One can hope for a future world where public opinion will support international law to such an extent that a new Hitler or Saddam Hussein or a future Milosevic will not be able to organize large-scale resistance to arrest, a world where international law will be seen by all to be just, impartial and necessary, a well-governed global community within which each person will owe his or her ultimate loyalty to humanity as a whole.
3.5 The veto power of the Security Council must be eliminated
We should remember that the UN Charter was drafted and signed before the first nuclear bomb was dropped on Hiroshima; and it also could not anticipate the extraordinary development of international trade and communication which characterizes the world today. The five permanent members of the Security Council, China, France, Russia, the United Kingdom and the United States, were the victors of World War II, and were given special privileges by the Charter as it was established in 1945, among these the power to veto UN actions on security issues. In practice, the veto power of the P5 nations has made the UN ineffective, and it has become clear that changes are needed. If the Security Council is retained in a World Federation, the veto power must be eliminated.
The need for international law must be balanced against the desirability of local self-government. Like biological diversity, the cultural diversity of humankind is a treasure to be carefully guarded. A balance or compromise between these two desirable goals can be achieved by granting only a few carefully chosen powers to a World Federation with sovereignty over all other issues retained by the member states. This leaves us with a question: Which issues should be decided centrally, and which locally?
The present United Nations Charter contains guarantees of human rights, but there is no effective mechanism for enforcing these guarantees. In fact, there is a conflict between the parts of the Charter protecting human rights and the concept of absolute national sovereignty. Recent history has given us many examples of atrocities committed against ethnic minorities by leaders of nation-states, who claim that sovereignty gives them the right to run their internal affairs as they wish, free from outside interference. One feels that it ought to be the responsibility of the international community to prevent gross violations of human rights, such as genocide; and if this is in conflict with the concept of national sovereignty, then sovereignty must yield.
In the future, overpopulation and famine are likely to become increasingly difficult and painful problems in several parts of the world. Since various cultures take widely different attitudes towards birth control and family size, the problem of population stabilization seems to be one which should be decided locally. At the same time, aid for local family planning programs, as well as famine relief, might appropriately come from global agencies, such as WHO and FAO. With respect to large-scale migration, it would be unfair for a country which has successfully stabilized its own population, and which has eliminated poverty within its own borders, to be forced to accept a flood of migrants from regions of high fertility. Therefore, the extent of immigration should be among those issues to be decided locally.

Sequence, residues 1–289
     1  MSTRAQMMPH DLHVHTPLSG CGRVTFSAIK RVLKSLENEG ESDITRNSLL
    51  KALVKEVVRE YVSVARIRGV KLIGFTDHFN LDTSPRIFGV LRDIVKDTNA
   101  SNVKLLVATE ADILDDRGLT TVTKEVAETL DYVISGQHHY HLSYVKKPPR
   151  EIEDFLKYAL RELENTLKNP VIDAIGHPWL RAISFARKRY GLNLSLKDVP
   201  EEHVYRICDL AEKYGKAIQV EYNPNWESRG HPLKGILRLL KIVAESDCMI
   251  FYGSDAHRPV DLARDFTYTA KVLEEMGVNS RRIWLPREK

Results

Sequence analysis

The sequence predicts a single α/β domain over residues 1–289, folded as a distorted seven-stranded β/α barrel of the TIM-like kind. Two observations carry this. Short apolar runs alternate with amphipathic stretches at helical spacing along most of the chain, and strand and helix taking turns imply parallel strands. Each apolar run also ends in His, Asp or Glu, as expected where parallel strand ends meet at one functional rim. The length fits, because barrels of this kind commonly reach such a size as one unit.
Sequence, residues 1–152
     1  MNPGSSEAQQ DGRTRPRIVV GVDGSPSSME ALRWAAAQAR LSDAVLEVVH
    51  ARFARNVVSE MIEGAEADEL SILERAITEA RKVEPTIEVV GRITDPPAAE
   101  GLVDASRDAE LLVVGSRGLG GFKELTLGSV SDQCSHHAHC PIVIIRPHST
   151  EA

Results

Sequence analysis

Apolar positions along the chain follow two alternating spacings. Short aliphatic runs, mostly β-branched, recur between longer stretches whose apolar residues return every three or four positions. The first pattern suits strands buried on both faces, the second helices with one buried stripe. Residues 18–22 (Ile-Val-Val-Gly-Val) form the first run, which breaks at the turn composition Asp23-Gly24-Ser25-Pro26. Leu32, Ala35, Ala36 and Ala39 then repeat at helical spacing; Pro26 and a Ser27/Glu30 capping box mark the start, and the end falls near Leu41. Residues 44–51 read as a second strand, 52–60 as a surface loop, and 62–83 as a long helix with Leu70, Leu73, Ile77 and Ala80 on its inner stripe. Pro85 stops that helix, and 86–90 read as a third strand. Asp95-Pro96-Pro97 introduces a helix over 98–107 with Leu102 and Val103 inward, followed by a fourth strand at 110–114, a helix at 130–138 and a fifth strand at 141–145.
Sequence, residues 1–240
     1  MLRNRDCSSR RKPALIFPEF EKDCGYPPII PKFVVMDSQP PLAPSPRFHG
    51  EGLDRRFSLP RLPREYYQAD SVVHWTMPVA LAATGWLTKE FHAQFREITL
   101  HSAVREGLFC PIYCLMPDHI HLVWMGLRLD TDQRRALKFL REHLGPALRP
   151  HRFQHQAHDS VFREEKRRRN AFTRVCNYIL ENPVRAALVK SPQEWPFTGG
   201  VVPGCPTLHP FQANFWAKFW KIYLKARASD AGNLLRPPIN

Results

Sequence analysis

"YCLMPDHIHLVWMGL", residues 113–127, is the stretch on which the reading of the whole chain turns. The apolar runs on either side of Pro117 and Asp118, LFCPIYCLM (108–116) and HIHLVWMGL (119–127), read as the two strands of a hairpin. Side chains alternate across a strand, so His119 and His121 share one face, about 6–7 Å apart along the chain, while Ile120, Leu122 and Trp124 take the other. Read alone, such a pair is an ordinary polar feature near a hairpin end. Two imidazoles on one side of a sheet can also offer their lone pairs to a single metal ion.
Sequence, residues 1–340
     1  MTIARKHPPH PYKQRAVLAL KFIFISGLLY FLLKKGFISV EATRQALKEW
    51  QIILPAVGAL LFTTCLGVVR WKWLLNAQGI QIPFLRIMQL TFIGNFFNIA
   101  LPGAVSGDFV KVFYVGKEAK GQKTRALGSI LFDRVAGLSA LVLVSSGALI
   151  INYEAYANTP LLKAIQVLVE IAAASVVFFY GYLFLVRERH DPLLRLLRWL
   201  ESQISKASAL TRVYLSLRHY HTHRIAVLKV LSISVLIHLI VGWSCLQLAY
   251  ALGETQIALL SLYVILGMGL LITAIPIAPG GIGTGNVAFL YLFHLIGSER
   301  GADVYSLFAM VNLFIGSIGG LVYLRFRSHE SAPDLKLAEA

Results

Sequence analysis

Security, and controls on the manufacture and export of armaments will require an effective authority at the global level.
The steps needed to convert the United Nations into a World Federation can be taken cautiously, one at a time. Having seen the results of a particular step, one can move on to the next. The establishment of the International Criminal Court is an important first step towards a system of international laws that act on individuals. Another important step would be to give the UN a much larger and more reliable source of income. The establishment of a standing UN emergency military force is another step that ought to be taken in the near future.
4. Obstacles to a World Federation
It is easy to write down what is needed to convert the United Nations into a World Federation. But will not the necessary steps towards a future world of peace and law be blocked by the powerholders of today? Not everyone wants peace. Not everyone wants international law.*
The United Nations was established at the end of the most destructive war the world had ever seen, and its horrors were fresh in the minds of the delegates to the 1945 San Francisco Conference. The main purpose of the Charter that they drafted was to put an end to the institution of war. It was hoped that as a consequence, the UN would also end the colonial era, since war is needed to maintain the unequal relationships of colonialism. Neither of these things happened. War is still with us, and war is still used to maintain the intolerable economic inequalities of neocolonialism. The fact that military might is still used by powerful industrialized nations to maintain economic hegemony over less developed countries has been amply documented by Professor Michael Klare in his books on Resource Wars.